Contracts are the foundation of every professional business relationship, stating each party’s responsibilities and rights upon signing. When one party does not fulfill their contractual obligations of an agreement, the other party is susceptible to legal and financial ramifications. If stated in the contract itself, plaintiffs can recover attorney fees in breach of contract cases as well.
Under Texas law, you may be entitled to the following recoveries:
- Liquidated damages – money owed to the injured party
- Consequential and incidental damages – compensation toward foreseeable loses
- Compensatory damages – compensation your losses
- Specific performance – when a court orders a performance to be fulfilled in the contract agreement
- Loss of use – money awarded for the time to repair damages
- Loss of credit reputation – compensation made available if plaintiff suffers loss of credit or was forced in bankruptcy
- Rescission – money is returned and both parties cancel their contracts and exonerate themselves from performance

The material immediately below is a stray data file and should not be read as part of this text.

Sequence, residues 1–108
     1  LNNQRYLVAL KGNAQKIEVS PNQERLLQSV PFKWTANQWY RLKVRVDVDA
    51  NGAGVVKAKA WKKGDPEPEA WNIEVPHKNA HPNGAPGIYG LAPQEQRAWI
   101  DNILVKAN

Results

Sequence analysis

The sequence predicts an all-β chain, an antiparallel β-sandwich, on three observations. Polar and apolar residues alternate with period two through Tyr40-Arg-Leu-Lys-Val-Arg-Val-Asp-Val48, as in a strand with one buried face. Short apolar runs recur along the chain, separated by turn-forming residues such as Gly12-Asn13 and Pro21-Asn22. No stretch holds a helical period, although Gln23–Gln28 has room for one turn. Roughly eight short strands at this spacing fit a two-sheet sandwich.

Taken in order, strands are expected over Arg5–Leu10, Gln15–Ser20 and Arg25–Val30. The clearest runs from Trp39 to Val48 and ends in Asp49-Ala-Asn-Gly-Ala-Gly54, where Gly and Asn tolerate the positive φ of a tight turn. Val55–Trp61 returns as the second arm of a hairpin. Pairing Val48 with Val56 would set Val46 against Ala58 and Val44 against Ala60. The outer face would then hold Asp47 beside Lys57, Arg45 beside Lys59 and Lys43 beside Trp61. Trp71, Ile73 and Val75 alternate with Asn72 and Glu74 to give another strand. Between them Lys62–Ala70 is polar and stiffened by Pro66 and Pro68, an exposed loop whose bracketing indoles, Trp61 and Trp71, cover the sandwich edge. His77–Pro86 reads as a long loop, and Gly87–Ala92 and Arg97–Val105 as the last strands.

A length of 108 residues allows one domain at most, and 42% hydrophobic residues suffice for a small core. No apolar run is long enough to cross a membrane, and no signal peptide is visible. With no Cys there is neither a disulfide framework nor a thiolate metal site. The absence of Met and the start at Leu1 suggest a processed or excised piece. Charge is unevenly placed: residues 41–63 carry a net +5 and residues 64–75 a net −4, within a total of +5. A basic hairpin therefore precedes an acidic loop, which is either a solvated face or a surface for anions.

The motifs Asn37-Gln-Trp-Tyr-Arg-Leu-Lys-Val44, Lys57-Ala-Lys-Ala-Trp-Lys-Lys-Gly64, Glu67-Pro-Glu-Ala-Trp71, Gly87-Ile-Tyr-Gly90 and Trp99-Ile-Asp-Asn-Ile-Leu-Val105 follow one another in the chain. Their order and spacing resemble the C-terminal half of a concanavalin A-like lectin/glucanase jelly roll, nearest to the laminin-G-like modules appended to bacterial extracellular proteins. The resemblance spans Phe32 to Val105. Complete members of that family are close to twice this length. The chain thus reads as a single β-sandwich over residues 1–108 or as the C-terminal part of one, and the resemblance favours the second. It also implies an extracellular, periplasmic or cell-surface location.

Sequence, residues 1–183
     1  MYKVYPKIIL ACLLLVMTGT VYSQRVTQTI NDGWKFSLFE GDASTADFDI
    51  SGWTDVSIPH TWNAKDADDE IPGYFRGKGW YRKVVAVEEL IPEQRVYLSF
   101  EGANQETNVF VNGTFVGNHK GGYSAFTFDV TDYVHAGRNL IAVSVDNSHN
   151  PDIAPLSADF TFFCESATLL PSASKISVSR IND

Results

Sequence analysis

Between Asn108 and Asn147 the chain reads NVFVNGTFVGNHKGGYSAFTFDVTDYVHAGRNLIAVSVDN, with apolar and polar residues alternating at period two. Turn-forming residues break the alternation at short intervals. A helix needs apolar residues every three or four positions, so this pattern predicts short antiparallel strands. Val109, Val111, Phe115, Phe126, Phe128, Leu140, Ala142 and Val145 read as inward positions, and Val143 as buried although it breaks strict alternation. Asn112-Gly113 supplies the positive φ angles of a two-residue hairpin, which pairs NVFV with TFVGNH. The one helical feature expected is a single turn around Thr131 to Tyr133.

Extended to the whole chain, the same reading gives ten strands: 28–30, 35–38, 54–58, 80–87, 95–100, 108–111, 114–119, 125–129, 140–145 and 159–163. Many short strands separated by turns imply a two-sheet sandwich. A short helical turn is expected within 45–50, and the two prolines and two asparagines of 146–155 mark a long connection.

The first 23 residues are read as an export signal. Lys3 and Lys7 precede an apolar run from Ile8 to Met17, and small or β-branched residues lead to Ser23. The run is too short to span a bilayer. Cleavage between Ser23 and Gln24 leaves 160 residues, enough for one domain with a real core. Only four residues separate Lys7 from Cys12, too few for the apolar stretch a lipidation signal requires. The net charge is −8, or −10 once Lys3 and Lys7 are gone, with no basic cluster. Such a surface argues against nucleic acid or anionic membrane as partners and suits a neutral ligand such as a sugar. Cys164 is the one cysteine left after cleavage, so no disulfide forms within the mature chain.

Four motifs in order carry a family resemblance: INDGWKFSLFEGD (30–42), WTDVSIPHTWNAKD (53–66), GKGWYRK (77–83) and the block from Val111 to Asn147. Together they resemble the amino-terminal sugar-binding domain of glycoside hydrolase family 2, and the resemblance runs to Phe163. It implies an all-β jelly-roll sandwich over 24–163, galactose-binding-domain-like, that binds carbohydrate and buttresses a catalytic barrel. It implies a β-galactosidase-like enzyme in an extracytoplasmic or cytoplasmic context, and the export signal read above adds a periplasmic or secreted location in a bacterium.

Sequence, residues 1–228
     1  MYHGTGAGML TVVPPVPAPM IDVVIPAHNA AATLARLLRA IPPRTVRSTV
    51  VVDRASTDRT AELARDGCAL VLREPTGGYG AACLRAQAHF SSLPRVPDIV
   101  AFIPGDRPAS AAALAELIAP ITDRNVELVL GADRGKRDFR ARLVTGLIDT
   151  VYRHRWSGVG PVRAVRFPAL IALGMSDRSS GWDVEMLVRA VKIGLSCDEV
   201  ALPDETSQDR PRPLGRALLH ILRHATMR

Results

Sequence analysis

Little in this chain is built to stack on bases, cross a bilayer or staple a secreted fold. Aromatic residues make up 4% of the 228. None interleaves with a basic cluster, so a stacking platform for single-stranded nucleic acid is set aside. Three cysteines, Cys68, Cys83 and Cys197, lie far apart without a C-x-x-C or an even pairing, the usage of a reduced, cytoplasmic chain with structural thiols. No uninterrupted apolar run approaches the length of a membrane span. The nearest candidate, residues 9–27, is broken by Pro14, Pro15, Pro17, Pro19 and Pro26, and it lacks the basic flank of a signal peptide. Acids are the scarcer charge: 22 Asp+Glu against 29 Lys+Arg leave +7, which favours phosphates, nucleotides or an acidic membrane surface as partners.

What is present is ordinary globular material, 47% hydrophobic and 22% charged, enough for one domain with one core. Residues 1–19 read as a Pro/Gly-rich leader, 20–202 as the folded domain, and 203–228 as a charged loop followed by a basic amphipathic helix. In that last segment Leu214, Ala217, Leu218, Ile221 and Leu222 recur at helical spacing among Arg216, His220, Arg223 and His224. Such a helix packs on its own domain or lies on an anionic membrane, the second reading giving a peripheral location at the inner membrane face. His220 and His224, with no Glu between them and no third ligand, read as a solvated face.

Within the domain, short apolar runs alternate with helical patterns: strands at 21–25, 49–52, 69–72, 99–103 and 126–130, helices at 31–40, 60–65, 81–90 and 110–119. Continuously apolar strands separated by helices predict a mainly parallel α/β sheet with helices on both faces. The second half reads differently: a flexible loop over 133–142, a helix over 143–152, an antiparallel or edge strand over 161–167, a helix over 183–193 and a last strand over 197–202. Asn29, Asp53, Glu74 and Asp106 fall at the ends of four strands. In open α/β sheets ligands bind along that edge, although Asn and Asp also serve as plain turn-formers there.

- Restitution – gains-based recovery, an exchange for money or goods
Yet, employer breach of contract or fraudulent acts will not necessarily revoke your employment contract. Certain promises and covenants may be separate and independently hold their own weight despite other contractual discrepancies. You must be aware of the non-compete clause, non-solicitation, non-disclosure, and other factors of the contractual terms and conditions which remain applicable even though a breach of contract is evident.
If you are experiencing a break of contract with your current employer or employee, or perhaps you’re not sure, do not hesitate to call (281) 410-2792 and consult with our experienced legal team for free.